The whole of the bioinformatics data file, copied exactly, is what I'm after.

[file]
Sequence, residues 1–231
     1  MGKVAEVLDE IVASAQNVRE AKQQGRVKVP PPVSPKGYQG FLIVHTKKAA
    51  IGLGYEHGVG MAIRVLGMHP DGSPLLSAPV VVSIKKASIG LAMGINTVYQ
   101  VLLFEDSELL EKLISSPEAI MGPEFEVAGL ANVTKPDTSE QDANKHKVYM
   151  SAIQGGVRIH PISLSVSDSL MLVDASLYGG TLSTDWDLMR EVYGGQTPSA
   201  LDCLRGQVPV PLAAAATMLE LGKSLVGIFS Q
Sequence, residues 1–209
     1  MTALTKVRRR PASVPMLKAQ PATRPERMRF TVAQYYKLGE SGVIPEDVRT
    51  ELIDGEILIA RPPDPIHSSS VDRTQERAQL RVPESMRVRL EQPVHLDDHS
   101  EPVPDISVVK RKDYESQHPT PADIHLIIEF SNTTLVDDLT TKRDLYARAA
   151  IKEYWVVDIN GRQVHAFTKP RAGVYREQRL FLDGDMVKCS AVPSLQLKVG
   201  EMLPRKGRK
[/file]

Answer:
Sequence, residues 1–231
     1  MGKVAEVLDE IVASAQNVRE AKQQGRVKVP PPVSPKGYQG FLIVHTKKAA
    51  IGLGYEHGVG MAIRVLGMHP DGSPLLSAPV VVSIKKASIG LAMGINTVYQ
   101  VLLFEDSELL EKLISSPEAI MGPEFEVAGL ANVTKPDTSE QDANKHKVYM
   151  SAIQGGVRIH PISLSVSDSL MLVDASLYGG TLSTDWDLMR EVYGGQTPSA
   201  LDCLRGQVPV PLAAAATMLE LGKSLVGIFS Q
Sequence, residues 1–209
     1  MTALTKVRRR PASVPMLKAQ PATRPERMRF TVAQYYKLGE SGVIPEDVRT
    51  ELIDGEILIA RPPDPIHSSS VDRTQERAQL RVPESMRVRL EQPVHLDDHS
   101  EPVPDISVVK RKDYESQHPT PADIHLIIEF SNTTLVDDLT TKRDLYARAA
   151  IKEYWVVDIN GRQVHAFTKP RAGVYREQRL FLDGDMVKCS AVPSLQLKVG
   201  EMLPRKGRK